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Re: [lammps-users] Issue with keeping track of a pair distance, mismatched compute

# Re: [lammps-users] Issue with keeping track of a pair distance, mismatched compute

 From: Axel Kohlmeyer Date: Tue, 20 Jun 2017 15:25:18 -0400

On Tue, Jun 20, 2017 at 3:14 PM, Vũ Hoàng Nguyễn wrote:
Hi all,

My purpose is to first, calculate (or to keep track) the distance between atom ID #9 and #19 and then, assign the distance as a variable to use as a condition in a following if command.

What I did was:

variable        9_19   equal sqrt((x[9]-x[19])^2+(y[9]-y[19])^2+(z[9]-z[19])^2)

run             1000000 every 100 "if '\${9_19} < 1.0' then 'print \${Nstep}=0=1 append record.dat'"

This works until I notice that LAMMPS reports the 9_19 pair distance regardless of the Nearest Image Covention. So the distance sometimes get bigger than [(box_side)*sqrt(3)]/2, which is not expected.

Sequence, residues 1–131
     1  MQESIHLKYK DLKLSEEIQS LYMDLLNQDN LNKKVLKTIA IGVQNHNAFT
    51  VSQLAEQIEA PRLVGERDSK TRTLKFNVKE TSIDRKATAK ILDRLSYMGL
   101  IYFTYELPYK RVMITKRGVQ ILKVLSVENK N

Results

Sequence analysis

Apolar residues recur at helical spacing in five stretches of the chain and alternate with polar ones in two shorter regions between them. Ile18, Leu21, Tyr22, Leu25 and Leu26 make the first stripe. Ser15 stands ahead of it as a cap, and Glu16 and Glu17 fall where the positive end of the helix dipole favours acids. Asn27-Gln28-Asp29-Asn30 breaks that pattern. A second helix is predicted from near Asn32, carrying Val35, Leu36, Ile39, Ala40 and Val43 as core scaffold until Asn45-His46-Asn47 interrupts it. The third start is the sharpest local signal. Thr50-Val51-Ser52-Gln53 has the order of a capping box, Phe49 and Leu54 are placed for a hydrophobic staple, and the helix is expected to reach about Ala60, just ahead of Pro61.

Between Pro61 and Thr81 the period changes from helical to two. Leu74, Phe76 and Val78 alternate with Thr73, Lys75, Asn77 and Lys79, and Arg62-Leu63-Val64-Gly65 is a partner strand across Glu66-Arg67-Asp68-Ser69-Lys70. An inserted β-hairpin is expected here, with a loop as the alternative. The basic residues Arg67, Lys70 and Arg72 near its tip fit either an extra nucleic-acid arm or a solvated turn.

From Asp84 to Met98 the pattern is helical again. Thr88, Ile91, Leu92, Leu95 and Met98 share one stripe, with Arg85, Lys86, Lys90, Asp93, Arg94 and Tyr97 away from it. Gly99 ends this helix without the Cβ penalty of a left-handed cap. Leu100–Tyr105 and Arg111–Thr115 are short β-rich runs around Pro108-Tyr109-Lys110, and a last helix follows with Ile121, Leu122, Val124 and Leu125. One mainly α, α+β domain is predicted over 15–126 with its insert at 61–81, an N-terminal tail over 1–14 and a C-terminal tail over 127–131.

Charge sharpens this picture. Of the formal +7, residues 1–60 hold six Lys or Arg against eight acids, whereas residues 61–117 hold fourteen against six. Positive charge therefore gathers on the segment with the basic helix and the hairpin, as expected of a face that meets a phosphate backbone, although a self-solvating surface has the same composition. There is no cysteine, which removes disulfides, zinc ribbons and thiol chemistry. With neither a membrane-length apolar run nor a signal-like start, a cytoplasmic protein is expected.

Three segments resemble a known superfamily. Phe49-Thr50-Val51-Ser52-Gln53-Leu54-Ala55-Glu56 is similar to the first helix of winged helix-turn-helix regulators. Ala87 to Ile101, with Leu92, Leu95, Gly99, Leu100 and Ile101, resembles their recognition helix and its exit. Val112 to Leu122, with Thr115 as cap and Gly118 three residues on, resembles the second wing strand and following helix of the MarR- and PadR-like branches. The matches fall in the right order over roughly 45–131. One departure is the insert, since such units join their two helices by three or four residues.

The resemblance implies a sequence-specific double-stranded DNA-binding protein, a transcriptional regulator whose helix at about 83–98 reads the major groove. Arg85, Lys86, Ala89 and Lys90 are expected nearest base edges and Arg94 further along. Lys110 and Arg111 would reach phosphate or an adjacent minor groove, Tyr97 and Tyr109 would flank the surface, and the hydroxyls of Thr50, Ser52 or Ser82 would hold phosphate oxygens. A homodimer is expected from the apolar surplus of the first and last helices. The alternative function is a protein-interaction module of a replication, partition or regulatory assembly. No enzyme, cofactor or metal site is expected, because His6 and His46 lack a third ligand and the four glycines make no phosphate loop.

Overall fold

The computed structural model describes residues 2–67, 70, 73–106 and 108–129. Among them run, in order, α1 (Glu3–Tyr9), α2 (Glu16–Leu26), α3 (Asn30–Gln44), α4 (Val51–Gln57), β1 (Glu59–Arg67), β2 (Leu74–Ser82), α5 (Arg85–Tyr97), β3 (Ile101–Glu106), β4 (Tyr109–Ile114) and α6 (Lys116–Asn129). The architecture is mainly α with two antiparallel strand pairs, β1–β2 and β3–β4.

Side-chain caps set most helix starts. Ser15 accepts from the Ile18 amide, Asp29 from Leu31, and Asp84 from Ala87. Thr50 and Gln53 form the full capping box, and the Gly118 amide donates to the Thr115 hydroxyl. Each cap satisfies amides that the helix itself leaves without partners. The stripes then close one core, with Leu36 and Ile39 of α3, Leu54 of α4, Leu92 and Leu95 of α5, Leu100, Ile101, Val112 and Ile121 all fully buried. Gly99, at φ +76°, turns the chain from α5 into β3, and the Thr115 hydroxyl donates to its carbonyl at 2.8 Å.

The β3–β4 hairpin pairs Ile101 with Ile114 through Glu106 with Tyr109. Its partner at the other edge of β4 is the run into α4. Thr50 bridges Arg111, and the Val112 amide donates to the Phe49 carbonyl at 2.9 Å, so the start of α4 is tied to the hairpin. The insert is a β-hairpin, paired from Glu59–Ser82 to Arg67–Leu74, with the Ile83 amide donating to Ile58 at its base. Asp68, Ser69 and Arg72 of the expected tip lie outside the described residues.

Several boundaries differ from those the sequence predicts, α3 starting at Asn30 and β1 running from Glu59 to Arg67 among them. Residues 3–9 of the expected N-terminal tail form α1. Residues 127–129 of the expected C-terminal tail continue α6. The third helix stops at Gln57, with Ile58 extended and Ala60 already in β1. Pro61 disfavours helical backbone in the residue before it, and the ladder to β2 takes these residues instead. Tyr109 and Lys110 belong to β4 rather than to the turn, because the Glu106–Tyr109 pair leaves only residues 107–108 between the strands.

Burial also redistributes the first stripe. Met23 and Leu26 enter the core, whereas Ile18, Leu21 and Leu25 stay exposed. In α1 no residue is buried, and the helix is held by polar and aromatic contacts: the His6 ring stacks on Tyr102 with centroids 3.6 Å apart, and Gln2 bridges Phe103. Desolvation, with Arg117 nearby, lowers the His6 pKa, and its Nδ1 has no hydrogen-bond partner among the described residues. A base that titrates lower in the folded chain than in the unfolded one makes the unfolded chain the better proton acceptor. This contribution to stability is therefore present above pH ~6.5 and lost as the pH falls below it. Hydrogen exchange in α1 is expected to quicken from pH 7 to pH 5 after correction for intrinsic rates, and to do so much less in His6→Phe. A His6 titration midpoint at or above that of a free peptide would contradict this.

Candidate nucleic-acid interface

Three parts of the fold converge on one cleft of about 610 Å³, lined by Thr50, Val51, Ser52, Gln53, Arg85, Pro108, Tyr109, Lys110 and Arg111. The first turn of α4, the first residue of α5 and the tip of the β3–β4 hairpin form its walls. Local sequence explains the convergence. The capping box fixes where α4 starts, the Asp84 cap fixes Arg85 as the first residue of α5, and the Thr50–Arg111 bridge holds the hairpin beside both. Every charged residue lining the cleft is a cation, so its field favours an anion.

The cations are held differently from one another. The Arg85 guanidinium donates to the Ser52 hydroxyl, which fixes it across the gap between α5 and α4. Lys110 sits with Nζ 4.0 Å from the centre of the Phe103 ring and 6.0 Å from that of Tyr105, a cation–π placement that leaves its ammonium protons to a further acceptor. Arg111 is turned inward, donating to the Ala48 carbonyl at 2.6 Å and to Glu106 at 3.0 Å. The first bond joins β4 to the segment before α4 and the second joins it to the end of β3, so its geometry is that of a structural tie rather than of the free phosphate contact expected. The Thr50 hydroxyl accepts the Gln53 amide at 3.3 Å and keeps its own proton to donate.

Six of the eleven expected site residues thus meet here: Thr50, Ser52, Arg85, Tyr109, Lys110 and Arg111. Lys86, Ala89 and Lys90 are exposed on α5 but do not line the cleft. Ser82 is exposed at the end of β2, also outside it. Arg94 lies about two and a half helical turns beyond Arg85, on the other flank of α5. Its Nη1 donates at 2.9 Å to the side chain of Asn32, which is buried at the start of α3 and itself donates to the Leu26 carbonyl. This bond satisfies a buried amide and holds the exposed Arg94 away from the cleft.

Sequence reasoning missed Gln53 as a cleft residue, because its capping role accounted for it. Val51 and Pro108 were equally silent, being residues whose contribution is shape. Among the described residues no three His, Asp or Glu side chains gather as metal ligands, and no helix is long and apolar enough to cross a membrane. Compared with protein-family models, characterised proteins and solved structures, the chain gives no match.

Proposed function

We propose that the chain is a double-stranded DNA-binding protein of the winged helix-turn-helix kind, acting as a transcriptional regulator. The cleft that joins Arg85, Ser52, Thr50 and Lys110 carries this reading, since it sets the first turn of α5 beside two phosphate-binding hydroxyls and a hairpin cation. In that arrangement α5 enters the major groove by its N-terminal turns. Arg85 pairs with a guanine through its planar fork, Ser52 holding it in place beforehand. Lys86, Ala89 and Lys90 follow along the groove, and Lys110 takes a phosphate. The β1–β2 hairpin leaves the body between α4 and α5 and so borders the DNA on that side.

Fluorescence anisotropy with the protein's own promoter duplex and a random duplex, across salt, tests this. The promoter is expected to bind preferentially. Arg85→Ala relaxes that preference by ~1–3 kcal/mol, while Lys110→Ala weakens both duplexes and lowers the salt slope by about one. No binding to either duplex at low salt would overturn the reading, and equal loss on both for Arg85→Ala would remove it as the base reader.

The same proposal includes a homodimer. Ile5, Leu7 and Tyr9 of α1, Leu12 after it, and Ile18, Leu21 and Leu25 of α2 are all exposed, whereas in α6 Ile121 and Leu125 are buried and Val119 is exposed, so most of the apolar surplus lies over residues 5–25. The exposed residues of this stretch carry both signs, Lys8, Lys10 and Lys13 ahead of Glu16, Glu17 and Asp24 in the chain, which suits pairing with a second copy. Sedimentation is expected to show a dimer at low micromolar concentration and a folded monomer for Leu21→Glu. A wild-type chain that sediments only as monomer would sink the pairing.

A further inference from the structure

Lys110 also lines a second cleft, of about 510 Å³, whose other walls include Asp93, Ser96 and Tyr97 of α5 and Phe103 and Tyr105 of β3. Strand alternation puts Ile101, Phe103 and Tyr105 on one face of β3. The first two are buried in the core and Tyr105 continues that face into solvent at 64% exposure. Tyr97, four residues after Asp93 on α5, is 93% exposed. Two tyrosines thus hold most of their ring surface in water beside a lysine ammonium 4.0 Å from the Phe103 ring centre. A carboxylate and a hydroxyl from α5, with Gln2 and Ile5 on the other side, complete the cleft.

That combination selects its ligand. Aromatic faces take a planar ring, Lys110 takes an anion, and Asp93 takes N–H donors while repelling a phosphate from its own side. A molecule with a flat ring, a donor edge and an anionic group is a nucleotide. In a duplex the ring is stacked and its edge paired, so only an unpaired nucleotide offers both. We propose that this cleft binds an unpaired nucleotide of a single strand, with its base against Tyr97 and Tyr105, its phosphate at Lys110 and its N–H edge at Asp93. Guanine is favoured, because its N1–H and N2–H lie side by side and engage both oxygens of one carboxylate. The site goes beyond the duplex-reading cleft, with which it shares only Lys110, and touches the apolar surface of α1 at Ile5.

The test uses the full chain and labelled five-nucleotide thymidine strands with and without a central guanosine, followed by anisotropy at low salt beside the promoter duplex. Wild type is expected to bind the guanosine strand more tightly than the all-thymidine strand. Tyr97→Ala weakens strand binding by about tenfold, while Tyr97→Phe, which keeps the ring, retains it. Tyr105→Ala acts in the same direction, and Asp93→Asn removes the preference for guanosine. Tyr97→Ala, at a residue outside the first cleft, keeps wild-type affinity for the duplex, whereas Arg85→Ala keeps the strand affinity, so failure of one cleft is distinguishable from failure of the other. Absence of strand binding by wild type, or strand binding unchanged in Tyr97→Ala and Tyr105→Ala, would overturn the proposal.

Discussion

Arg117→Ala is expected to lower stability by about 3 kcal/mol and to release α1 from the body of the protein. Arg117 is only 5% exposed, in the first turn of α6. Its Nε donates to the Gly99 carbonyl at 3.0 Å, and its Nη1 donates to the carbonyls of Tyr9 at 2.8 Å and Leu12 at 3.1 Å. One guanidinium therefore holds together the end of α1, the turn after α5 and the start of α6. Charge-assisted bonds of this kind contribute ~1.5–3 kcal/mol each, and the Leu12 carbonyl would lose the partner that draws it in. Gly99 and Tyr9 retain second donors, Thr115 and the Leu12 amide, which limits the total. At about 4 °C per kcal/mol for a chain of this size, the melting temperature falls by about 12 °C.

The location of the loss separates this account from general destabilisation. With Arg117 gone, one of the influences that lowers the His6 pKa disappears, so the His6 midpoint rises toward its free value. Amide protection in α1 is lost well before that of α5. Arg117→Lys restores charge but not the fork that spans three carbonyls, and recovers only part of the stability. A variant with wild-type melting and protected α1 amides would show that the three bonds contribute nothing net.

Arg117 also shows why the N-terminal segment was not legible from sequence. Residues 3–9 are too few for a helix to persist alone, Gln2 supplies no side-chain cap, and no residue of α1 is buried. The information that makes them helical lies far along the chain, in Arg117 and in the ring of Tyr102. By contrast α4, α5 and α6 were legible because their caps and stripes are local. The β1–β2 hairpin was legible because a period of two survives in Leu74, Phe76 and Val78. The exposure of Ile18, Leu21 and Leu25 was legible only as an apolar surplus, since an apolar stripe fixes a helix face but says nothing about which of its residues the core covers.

My other thought is that,

group           test_pair id 9 19

compute         distance test_pair pair/local dist

variable        9_19 equal c_distance

run             1000000 every 100 "if '\${9_19} < 1.0' then 'print \${Nstep}=0=1 append record.dat'"

The latter solution results in an error of "ERROR: Mismatched compute in variable formula (../variable.cpp:1548)".

I have found that local properties cannot be assigned to equal-style variables.

So is there any way to go about this issue or, how to extract a pair distance and use it internally as a variable in an 'if command' condition?

​i think what you need is are unwrapped coordinates. x[] and y[] and z[] are wrapped coordinates, so if one of them has a "jump" because the atom is passing through a periodic boundary, you have the jumps in your distance. now unwrapped coordinates are not available (yet) in variable expressions, but if this concerns only two specific atoms there might be a workaround: you can define a group for each of them, and then use the xcm() function to get the center of mass (which is computed using unwrapped coordinates and with only one atom in the group is equivalent to the position) and then use that for computing your distance.

axel.

I am looking forward to hearing from you. Thanks in advance.

Vu H. Nguyen

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